‘Compostable’ on the other hand, generally refers to ‘industrially compostable,’ materials that won’t break down in soil or with your food scraps. These require additional processes to complete their journey back to the earth. Commonly used bioplastics made from sustainable starches like PLA (Polylactic Acid) regrettably fall into this category. Their production results in 80% lower emissions than that of traditional plastic, but it’s not really home-compostable, meaning that without a special infrastructure at the municipal level which is essentially everywhere, they do end up in the landfill next to the standard single-use plastics.


But the topic of home-compostability remains an exciting one with real promise. To illustrate just how mainstream home-compostability has become, consider that in Canada, fried chicken giant, KFC has introduced a home-compostable version of their signature chicken bucket along with a pledge to have 100% home-compostable packaging by 2025.



Trend No. 2: Soy-based Inks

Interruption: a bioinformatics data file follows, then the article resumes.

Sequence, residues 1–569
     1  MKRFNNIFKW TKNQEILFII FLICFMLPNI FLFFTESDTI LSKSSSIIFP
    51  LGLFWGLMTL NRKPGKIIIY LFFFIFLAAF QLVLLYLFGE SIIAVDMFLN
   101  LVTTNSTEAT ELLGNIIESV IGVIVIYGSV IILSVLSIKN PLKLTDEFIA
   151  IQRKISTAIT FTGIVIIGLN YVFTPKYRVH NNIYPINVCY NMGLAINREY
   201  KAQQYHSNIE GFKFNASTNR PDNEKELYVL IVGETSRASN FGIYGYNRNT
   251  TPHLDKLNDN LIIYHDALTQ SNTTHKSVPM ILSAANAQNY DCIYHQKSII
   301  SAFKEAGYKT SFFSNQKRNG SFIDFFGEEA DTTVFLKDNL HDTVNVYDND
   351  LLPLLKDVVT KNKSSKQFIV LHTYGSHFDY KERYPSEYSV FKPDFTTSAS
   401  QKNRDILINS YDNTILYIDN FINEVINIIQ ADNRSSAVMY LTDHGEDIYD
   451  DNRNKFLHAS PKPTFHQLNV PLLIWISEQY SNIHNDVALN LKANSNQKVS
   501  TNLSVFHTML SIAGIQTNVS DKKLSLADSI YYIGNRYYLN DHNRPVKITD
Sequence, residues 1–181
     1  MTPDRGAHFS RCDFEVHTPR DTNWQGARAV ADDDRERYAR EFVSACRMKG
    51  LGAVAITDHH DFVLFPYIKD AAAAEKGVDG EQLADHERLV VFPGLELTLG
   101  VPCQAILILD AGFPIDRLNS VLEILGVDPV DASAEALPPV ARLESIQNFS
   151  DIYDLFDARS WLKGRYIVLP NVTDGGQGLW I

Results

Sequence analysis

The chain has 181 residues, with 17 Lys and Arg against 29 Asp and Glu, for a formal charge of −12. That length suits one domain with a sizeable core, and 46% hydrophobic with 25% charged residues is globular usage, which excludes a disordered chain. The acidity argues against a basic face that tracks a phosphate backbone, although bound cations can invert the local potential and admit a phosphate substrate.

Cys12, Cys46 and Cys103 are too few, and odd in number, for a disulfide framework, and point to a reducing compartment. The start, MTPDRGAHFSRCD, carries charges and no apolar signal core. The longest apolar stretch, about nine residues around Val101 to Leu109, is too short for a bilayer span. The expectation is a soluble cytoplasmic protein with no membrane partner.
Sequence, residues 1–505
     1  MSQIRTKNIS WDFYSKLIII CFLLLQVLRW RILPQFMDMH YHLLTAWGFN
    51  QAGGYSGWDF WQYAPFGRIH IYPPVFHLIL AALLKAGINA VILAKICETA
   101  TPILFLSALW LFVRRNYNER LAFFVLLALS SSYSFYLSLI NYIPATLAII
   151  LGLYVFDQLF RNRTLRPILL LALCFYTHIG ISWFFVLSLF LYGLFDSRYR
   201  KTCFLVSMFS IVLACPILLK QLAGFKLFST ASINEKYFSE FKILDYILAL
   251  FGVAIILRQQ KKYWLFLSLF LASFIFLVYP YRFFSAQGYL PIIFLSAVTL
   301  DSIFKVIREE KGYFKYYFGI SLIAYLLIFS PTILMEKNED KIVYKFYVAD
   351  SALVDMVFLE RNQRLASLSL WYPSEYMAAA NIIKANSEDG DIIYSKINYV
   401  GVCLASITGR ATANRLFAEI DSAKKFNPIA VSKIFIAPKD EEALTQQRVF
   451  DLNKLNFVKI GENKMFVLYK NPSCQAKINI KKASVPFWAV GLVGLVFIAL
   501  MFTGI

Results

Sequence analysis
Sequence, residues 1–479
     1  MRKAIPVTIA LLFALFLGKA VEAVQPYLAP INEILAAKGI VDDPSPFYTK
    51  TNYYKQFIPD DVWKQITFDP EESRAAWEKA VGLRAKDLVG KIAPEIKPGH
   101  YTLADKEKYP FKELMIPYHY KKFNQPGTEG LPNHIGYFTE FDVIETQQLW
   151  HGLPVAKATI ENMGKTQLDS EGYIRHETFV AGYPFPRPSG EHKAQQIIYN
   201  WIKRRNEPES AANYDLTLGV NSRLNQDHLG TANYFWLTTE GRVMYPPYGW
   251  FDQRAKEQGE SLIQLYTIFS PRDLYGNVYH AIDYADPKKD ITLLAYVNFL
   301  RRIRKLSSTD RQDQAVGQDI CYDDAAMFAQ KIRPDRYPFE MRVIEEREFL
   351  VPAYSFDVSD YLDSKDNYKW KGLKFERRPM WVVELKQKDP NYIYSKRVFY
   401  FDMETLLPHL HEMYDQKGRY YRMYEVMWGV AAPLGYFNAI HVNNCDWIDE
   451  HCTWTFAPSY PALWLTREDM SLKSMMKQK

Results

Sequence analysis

While easy to overlook, the ink used in the traditional printing process is actually a petroleum-based ink which, it hardly needs to be said, is a major pollutant and can be a barrier to recycling. Alternative soy-based inks are actually quite common now, with over 90% of daily newspapers in the US committed to using it. Soy-based ink has a number of advantages over petroleum-based ink, not the least of which is a reduction in the amount of ink required for coverage while still maintaining true colour. 


One disadvantage soy-based inks have is a longer drying time, which tends to reduce capacity and profitability for printers who already find themselves in a low-margin industry, meaning your print supplier might have them but doesn’t use them, so it’s important to clearly communicate your expectations for your own packaging.


Trend No. 3: Paper Over Plastic

Nothing symbolizes the problem with plastic quite like a discard plastic water bottle. But cartons of water? CPG brands the world over are choosing to use cardboard as their material of choice for wet and dry goods alike. Of note is packaged water brand Boxed Water who even makes it the central selling point for their product, frequently making the claim that their packaging is 92% plant-based.